As Property Values Rise, More Indian Women Get What They're Owed — Their Inheritance
More women's family members are now pushing them to claim their property.
By Rina Chandran
NEW DELHI, March 13 (Thomson Reuters Foundation) — Rising property prices in parts of India have helped achieve what women's rights groups have tried and failed to do for decades — get more women to claim their inheritance.
A 2005 law gave Hindu women across India equal inheritance rights but few have made claims because they are unaware of the law, or have been forced to give up their claims by male family members, according to analysts.
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But an increase in property prices near the Indian capital, New Delhi, has pushed more women in Haryana state to claim their share, gender and land rights experts said on Wednesday.
"Despite laws that give rights of inheritance to women, low levels of education and a strong patriarchal tradition can rob women of these rights," said Prem Chowdhry, a gender expert who has researched women's inheritance in Haryana.
"But because prices of land have sky-rocketed in these areas, women are being pushed by their husbands or fathers-in-law to claim their share of the family property, or at least be compensated in some way for it," she said on the sidelines of a land conference in New Delhi.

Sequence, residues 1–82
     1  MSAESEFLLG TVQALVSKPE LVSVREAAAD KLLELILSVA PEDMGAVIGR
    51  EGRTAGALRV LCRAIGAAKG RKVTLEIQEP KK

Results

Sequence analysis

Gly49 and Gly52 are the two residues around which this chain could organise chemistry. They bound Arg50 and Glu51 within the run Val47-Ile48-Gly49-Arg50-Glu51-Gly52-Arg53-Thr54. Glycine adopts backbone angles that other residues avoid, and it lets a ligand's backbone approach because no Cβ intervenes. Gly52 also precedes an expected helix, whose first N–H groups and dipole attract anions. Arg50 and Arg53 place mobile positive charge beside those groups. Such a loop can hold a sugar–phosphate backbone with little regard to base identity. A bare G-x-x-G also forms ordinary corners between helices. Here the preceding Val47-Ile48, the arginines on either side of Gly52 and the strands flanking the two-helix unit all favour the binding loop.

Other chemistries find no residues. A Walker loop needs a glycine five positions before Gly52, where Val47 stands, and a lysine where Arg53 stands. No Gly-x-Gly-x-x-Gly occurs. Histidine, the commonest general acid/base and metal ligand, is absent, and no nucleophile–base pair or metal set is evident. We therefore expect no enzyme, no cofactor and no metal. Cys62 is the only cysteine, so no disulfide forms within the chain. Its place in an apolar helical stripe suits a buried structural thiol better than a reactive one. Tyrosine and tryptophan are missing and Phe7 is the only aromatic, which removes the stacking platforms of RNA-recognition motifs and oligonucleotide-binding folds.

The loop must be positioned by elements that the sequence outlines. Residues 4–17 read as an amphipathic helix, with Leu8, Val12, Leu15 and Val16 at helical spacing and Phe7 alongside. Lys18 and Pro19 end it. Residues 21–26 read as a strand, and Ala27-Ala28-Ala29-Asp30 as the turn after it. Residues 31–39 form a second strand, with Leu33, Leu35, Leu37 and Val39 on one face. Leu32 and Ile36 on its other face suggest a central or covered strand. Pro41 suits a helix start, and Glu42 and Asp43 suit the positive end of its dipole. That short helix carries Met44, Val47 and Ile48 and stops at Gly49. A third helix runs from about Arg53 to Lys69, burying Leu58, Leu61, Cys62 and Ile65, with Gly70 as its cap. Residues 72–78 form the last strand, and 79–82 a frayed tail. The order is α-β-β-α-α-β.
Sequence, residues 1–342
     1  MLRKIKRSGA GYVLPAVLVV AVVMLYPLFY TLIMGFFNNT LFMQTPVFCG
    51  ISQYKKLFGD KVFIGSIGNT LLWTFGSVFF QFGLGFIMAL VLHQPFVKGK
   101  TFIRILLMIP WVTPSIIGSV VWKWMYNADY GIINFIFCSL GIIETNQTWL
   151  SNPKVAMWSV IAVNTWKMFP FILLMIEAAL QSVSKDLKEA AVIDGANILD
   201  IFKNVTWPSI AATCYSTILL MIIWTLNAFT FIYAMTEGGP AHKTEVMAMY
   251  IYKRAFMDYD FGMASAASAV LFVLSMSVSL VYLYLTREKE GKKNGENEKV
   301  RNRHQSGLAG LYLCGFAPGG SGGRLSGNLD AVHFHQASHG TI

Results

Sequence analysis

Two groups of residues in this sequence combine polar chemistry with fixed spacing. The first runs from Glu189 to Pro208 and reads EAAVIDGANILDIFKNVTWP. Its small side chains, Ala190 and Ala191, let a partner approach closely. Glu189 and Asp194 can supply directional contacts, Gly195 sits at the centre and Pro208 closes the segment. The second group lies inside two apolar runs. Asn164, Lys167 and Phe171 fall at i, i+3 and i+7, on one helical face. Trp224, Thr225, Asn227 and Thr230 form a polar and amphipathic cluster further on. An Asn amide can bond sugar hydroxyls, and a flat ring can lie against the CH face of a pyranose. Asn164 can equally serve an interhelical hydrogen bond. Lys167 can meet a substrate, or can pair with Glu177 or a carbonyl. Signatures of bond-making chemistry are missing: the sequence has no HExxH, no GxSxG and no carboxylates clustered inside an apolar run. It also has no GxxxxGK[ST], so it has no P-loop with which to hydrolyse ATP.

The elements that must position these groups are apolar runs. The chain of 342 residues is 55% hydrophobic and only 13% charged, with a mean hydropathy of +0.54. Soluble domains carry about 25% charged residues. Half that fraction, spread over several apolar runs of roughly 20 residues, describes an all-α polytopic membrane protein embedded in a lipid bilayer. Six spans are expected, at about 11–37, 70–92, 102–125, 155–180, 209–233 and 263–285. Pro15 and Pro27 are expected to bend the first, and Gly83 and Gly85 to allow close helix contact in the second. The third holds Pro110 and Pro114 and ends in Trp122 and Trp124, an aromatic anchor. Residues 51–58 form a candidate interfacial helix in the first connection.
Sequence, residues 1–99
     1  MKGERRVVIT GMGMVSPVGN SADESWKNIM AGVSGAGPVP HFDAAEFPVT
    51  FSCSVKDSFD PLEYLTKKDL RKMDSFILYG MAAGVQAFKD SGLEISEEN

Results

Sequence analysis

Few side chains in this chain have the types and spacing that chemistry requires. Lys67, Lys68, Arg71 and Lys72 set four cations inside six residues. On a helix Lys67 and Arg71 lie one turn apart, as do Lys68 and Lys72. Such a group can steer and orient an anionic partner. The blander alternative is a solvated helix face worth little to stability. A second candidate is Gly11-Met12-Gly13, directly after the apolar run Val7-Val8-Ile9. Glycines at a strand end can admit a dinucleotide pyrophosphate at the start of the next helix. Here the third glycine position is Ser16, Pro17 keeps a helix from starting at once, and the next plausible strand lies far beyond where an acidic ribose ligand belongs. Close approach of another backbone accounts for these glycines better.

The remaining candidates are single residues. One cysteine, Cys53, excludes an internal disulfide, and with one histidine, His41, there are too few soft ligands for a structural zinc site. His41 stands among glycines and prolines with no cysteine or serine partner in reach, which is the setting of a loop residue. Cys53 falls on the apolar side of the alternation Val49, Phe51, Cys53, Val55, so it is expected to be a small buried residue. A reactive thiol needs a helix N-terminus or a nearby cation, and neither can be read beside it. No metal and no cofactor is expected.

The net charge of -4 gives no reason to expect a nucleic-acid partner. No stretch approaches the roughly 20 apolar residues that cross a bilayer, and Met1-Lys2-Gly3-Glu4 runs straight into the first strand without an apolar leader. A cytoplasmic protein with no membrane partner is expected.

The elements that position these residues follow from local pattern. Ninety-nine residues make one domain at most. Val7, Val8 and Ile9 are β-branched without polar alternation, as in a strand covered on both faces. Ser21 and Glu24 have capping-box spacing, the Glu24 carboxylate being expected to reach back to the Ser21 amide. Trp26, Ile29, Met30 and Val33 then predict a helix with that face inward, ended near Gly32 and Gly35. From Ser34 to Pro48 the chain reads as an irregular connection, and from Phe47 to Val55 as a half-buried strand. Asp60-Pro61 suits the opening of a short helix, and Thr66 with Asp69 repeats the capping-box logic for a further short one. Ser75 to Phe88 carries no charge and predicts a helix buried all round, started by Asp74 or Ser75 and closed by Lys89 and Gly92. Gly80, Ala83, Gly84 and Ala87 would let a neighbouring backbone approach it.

Property prices in the three Haryana cities that are closest to Delhi have risen by more than half in the past decade as more migrants flocked to the capital and transport links improved, according to Anarock, an Indian property consultant.
Amendments in 2005 to the Hindu Succession Act, which governs matters of inheritance among Hindus — who make up about 80 percent of India's population — made women's inheritance rights equal to those of men.
Yet in several states in northern and western India, the custom of "haq tyag," or sacrifice of right, is practiced, where a woman relinquishes her claim on ancestral property.
The tradition is justified on the grounds that the father pays for his daughter's wedding and often also gives a dowry, and therefore only the sons are entitled to the family property.
While haq tyag is voluntary, women come under enormous pressure to comply to maintain their relations with their families, Chowdhry told the Thomson Reuters Foundation.
Although there is no official data on inheritance claims made by women in India, only 13 percent of farmland is owned by women, according to the latest census data from 2011.
In a bid to address the imbalance, several states including Haryana — which has amongst the worst gender imbalances in the country — have lowered registration charges and taxes when a property is in the name of a woman.
These changes have done little to improve women's property ownership rates, said Govind Kelkar, a senior advisor to the global land rights advocacy group Landesa.
While agreeing that rising property prices could push more women to claim their inheritance, Kelkar said women still had little control over the property they inherited.
"There can also be an increase in violence against women," she said. "The patriarchal tradition is so strong that women, who themselves own property, when asked if they will leave it to their daughter, still say no."
(Reporting by Rina Chandran @rinachandran; editing by Michael Taylor. Please credit the Thomson Reuters Foundation, the charitable arm of Thomson Reuters, that covers humanitarian news, women's and LGBT+ rights, human trafficking, property rights, and climate change. Visit http://news.trust.org)